As leading radical writer on art John Berger celebrates his ninetieth year, he brings a lifetime's engagement with the ideas, artists, and thinkers that have shaped his thinking: Walter Benjamin, Rosa Luxemburg and Bertolt Brecht among them. In Landscapes Berger allows us to see the evolution of his own way of seeing. He explores the relationship between creativity and politics and the revolutionary potential of art through a series of different forms. As always, in this book, Berger pushes at the limits of art writing, demonstrating beautifully how his painter's eyes lead him to refer to himself only as a storyteller. A landscape is, to John Berger, like a portrait, an animating, liberating metaphor rather than a rigid definition. Landscapes offers a tour of the history of art, but not as you know it. Landscapes brings together Berger's most penetrating insights into how we may engage with both art and the artist in society.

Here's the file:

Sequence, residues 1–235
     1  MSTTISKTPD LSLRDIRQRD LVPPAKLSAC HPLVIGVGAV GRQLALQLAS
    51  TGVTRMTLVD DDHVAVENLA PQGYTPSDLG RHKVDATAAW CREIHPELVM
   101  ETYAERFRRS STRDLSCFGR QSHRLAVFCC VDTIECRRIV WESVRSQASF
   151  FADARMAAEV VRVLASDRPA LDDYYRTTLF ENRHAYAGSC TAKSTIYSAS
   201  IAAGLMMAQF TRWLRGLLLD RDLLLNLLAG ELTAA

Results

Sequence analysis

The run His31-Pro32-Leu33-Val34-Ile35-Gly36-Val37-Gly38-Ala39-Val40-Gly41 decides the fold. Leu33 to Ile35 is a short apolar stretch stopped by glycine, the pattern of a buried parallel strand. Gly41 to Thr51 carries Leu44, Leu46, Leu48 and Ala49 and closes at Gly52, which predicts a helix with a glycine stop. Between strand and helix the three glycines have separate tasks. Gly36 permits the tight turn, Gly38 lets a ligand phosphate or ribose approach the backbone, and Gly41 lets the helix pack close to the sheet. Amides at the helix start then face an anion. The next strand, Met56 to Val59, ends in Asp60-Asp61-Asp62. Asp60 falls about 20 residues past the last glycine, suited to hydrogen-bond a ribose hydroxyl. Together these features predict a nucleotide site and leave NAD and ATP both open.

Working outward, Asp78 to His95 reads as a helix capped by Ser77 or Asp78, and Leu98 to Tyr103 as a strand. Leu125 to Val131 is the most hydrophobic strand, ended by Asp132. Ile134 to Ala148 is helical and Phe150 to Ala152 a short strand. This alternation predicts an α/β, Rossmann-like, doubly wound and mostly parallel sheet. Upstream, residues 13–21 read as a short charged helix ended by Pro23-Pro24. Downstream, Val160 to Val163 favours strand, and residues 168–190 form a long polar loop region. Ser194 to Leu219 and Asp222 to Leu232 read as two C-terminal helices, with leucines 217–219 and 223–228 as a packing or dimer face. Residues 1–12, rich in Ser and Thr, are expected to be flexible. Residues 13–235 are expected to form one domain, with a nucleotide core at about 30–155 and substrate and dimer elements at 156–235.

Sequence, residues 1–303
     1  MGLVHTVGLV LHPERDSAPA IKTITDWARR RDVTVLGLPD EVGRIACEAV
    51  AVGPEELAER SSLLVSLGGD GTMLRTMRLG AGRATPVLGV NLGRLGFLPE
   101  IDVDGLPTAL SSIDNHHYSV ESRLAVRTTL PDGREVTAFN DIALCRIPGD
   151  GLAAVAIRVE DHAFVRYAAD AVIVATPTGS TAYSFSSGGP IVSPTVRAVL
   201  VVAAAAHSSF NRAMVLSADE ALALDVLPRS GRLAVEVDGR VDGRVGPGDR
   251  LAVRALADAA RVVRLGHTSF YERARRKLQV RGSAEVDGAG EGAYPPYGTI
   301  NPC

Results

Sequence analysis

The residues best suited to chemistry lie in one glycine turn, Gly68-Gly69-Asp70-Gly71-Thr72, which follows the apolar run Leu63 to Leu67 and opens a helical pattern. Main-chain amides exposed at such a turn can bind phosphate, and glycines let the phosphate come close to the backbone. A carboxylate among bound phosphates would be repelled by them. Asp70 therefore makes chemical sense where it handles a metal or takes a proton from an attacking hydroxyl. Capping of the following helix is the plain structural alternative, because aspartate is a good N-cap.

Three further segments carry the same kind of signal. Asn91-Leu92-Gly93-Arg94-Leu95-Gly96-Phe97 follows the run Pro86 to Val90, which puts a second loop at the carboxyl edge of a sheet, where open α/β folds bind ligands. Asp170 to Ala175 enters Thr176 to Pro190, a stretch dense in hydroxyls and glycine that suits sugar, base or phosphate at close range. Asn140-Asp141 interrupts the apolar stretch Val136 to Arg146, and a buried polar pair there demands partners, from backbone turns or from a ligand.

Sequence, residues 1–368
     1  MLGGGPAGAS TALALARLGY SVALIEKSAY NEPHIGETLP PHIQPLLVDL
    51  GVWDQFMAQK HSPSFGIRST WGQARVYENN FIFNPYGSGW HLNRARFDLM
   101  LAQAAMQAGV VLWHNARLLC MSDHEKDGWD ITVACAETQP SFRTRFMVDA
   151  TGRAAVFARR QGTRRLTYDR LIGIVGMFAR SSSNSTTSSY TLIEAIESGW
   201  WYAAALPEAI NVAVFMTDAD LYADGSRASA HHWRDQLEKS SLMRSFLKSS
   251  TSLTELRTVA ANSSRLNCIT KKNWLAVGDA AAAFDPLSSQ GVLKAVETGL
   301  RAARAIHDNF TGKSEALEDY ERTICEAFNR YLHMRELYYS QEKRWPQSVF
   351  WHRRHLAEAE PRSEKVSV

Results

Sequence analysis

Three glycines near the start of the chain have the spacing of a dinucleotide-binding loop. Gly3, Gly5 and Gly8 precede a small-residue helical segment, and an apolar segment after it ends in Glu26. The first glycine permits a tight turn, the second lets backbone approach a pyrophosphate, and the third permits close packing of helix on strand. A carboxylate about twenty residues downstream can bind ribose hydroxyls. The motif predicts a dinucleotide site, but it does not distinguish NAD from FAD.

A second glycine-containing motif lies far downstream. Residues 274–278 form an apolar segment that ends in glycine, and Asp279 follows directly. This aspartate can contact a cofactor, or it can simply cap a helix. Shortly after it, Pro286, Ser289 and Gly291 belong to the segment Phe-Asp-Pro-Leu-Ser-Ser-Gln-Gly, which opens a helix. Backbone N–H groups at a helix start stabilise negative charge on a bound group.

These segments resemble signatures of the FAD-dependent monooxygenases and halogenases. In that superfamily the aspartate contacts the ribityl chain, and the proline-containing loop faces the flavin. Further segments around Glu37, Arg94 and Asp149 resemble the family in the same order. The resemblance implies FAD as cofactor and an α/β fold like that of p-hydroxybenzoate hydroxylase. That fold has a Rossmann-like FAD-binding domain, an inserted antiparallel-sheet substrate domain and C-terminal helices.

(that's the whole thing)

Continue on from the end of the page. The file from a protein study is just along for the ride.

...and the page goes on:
Storyteller, novelist, essayist, screenwriter, dramatist and critic, John Berger is one of the most internationally influential writers of the last fifty years. His many books include Ways of Seeing, the fiction trilogy Into Their Labours, Here Is Where We Meet, the Booker Prize winning novel G, Hold Everything Dear, the Man Booker-long-listed From A to X and A Seventh Man. Tom Overton catalogued John Berger's archive at the British Library. He has curated exhibitions at King's Cultural Institute, Somerset House and the Whitechapel Gallery, and his writing has been published by the LRB blog, New Statesman, Apollo, White Review, Various Small Fires, Tate, the British Council and others.